(due to a technical error, audio is not available for this week’s sermon…)
Ezekiel 37:1-14 | Acts 2:1-21
Ever felt like a dry bone?
In Ezekiel’s day, the people of Israel certainly did. Not long before they had been part of something exciting, something vital; they had been part of the people called to be the people of God, and it had really meant something. They’d been a nation of that worshipped God, a nation that identified with God, a nation in which each generation taught the things of God to the next generation, in which children grew up practicing the faith of their parents, and grandchildren the faith of their grandparents. They’d been called by God to show the love of God to the whole world, to be a light to all the nations, a wellspring of hope and faith and all that is good and true and godly.
But within the span of a generation – less than a generation – it had all vanished. Suddenly they were a minority, surrounded by people who did not know their God, did not value their faith, did not care about their understanding of good and evil, right and wrong.
The community had been broken, families separated. The people were scattered like the bones of Ezekiel’s vision. Worship, instead of being the vibrant heart of the community, had become a thing mocked by outsiders.
Any of this sounding familiar?
Have you ever felt as if the Church has lost something? As if not so long ago, or not so far away, we were vibrant, full and active, as if the Church was at the heart of society, as if people looked to the Church for guidance about right and wrong, looked to the Church to pass on the faith from one generation to the next?
Ever felt like a dry bone? Then Ezekiel’s vision is for you.
In his vision, the prophet looked out over a valley full of bones, dry and scattered. The people of God, with life and breath and hope sucked out of them. “Our bones are dried up, and our hope is lost.”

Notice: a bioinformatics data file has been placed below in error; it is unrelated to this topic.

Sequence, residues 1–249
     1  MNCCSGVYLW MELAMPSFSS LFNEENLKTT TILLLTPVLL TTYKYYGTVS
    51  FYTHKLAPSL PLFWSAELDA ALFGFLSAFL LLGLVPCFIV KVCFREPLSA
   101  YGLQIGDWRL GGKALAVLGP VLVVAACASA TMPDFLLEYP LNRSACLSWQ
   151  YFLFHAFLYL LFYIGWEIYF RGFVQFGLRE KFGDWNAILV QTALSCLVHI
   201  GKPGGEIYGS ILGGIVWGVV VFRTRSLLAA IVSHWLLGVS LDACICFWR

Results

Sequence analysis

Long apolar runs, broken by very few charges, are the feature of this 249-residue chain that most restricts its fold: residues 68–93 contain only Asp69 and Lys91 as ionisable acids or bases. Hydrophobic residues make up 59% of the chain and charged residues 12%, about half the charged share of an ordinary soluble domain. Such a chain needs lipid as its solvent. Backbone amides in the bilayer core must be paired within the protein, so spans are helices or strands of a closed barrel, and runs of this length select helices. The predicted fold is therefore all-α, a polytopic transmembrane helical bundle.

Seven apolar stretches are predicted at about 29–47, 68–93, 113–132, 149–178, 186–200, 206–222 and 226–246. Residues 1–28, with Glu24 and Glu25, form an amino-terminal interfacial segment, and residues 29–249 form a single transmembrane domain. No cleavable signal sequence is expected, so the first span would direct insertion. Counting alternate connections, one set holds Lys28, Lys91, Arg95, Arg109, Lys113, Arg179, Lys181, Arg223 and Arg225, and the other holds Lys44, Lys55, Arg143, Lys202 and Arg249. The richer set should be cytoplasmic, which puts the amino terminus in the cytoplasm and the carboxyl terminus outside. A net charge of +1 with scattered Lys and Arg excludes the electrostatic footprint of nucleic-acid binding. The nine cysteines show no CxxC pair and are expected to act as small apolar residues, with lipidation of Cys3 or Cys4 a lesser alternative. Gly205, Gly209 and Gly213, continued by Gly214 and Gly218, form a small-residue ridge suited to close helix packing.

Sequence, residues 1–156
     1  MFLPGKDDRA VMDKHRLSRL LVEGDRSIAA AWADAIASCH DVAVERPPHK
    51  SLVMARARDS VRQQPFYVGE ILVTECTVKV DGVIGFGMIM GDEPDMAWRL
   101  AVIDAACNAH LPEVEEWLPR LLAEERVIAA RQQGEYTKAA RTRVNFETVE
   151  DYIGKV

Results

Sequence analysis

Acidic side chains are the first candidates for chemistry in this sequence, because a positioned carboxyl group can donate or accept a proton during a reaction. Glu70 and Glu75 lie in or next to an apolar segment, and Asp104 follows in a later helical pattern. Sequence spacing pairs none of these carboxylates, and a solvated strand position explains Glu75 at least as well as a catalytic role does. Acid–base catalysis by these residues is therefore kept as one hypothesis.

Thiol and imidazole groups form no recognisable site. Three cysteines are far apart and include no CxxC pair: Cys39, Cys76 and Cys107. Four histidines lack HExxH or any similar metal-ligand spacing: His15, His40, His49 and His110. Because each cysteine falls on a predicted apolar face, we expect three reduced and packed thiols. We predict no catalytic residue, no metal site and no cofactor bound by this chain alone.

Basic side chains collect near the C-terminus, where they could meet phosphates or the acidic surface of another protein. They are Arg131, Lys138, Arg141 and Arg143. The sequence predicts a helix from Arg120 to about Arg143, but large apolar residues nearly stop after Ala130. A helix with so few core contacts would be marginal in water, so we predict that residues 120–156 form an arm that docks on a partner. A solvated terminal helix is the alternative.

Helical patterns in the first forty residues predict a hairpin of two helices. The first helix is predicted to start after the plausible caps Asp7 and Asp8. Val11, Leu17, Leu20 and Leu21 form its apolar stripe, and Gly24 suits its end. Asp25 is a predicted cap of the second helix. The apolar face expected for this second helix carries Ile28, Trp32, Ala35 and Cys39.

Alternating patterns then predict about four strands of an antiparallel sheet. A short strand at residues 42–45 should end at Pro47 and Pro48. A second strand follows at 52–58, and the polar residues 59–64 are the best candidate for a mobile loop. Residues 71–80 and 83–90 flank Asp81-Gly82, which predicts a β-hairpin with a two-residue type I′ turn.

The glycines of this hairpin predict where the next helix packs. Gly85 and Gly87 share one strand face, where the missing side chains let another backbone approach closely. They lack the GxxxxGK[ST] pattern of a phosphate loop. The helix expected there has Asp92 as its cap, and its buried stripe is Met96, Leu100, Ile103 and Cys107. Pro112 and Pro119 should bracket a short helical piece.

And perhaps God might have said “I will start again. I will find a new people. I will create a new nation. There is no life here.”
But instead, God said “I will bring you back, and you will live”. And, commanded by God, the prophet spoke to the bones, repeated God’s promise to them.
And there was a rattling noise, and the bones came together, bone joined to bone, there were sinews and flesh, and skin covered them.
Where before the people had been scattered, now they had come together. They had looked like a random, broken, meaningless mixture of bones, now they looked like an army.
But still there was no life in them. Still they lacked the spark of life, that indefinable something that separates the living from the dead, the makes a body into a person, a group of people into a community. They lacked something, something for which there is no good word.
And God spoke again. “Speak to the wind, speak to the breath, speak to the spirit, and command it; it is time – come, blow, breathe, be in these bodies and make them live”. There is something here that is impossible to capture in our English words; breath, wind, spirit, the same idea, the same word – ruach – in Hebrew. The wind blows, God breathes, the Spirit comes.